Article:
Production 

Post forecasts that Zambia’s cotton production will increase by about 25 percent to 50,000 MT in the 2014/15 MY. The area planted is expected to increase by about ten percent to 410,000 hectares as there is a renewed interest in cotton production due to the improvement of cotton prices, the challenges faced with local corn marketing due to government interventions and the weakening of the Zambian Kwacha which increase export competitiveness. 

Seed cotton intake by ginners has declined marginally in the 2013/14 MY compared to the 2012/13 MY. Seed cotton intake is estimated at 100,106 MT, a decrease of three percent from the previous season’s intake of 102,938 MT. Zambia’s cotton marketing season closed in October 2014 and the ginning firms were not anticipating intake figures to increase significantly. However, seed cotton production was lower than the projections made by the ginning companies at the start of the season. The companies had projected that output would reach 126,170 MT. The projection by the ginning industry was similar to the projection made by the Ministry of Agriculture and Livestock and the Central Statistical Office in the Crop Forecast Survey. 

Planted area supported by the ginning companies in the 2013/14 MY reduced by nine percent to 373,343 hectares from 410,000 hectares supported in the 2012/13 MY. In addition, the number of farmers supported to grow cotton in the 2013/14 MY also reduced by 8 percent to 309,750 farmers, compared to 336,754 farmers in the 2012/13 MY. The decline in cotton production can partly be attributed to farmers switching to alternative crops such as corn and soybeans which had more positive price movement in the previous season.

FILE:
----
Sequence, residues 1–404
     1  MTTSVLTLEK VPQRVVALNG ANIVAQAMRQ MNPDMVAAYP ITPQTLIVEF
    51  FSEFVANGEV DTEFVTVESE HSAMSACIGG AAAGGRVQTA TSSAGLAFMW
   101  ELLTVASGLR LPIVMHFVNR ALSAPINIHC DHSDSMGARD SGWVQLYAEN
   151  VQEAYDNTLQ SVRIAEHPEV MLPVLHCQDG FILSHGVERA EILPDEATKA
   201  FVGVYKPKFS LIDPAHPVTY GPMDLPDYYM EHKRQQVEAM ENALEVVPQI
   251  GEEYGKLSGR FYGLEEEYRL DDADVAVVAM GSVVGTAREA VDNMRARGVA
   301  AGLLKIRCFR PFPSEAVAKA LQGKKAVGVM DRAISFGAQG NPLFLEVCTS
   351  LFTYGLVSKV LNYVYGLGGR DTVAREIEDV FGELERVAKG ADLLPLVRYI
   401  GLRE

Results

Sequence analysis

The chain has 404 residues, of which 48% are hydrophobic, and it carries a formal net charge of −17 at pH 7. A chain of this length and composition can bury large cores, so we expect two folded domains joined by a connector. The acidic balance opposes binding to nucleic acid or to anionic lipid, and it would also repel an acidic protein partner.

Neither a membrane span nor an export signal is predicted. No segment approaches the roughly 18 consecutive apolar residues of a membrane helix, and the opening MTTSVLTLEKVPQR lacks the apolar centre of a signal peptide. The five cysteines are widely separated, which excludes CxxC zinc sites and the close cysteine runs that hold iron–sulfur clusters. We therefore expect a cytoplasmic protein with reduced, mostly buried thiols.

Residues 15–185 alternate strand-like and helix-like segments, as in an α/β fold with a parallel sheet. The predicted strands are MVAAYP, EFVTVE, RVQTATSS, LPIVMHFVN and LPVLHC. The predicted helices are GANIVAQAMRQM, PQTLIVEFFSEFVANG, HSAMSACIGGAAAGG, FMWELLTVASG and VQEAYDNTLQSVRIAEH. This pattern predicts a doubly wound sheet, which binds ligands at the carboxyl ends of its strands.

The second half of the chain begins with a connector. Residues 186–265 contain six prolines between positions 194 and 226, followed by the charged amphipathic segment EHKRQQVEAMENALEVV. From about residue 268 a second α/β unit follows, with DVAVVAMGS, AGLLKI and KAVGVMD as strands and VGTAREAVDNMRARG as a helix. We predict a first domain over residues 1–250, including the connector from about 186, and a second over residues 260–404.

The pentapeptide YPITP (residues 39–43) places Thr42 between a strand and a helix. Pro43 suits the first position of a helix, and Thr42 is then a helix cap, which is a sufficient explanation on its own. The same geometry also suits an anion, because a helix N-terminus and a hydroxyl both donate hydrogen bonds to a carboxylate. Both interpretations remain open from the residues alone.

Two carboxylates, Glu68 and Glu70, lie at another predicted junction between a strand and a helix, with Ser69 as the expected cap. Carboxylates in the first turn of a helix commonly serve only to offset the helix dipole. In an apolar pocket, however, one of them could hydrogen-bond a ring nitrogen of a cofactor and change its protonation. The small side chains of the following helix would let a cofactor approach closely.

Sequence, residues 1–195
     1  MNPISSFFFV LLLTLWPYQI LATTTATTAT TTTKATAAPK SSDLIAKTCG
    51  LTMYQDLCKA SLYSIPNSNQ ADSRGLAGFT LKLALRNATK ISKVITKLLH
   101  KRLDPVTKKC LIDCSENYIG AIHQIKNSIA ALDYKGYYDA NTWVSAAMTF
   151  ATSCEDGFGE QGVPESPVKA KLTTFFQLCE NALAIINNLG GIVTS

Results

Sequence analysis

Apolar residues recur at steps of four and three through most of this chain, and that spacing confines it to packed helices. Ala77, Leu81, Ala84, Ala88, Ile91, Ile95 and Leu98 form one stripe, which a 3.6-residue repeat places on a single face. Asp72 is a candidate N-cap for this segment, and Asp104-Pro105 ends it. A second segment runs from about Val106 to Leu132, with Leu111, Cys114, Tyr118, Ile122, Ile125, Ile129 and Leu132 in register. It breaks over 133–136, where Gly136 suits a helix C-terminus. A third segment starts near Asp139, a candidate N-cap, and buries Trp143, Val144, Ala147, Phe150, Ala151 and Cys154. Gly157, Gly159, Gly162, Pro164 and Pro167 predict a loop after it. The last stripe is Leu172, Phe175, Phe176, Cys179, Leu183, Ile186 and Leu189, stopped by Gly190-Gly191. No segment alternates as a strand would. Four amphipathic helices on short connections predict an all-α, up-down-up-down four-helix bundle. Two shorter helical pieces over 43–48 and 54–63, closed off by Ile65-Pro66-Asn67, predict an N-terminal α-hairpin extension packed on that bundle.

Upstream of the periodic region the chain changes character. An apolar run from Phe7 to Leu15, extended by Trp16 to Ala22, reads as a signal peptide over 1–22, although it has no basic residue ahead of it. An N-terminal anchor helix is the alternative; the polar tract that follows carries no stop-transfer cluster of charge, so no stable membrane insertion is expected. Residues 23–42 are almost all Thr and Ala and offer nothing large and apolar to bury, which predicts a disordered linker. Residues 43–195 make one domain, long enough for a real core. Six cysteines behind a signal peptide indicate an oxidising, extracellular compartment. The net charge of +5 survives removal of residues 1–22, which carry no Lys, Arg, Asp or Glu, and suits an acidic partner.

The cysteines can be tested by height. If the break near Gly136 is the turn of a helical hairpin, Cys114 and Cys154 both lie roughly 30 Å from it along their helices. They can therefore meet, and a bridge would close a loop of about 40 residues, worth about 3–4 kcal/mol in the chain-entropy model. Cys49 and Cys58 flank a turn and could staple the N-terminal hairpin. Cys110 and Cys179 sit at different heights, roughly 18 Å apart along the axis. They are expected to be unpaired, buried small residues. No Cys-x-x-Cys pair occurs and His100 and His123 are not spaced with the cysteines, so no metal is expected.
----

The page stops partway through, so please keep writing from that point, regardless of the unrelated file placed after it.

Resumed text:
Average cotton yields reported by the ginning companies are generally low. Most ginners reported yields of between 200-300 kg per hectare for the farmers they supported with inputs. 

The cotton sector in Zambia has seen reduced market concentration over the past few years with more entrants in the ginning industry. The cotton sector had six ginning companies in 2010 and it increased to 11 in 2014. This has resulted in more competition, but is also likely to have an impact on the cotton financing model. Currently, the ginning companies pre-finance farmers to grow cotton. However, as more players have entered the market, anecdotal evidence has emerged that this model is likely to be tested as side selling increased. With fewer ginners incidences of side selling was not significant. 

Transgenic cotton 

Zambia has not yet embraced transgenic cotton. Zambia has a bio-safety act and policy in place since 2007. The local Cotton Development Trust has submitted an application for possible transgenic tests, but has been met with a slow response from the Bio-safety council.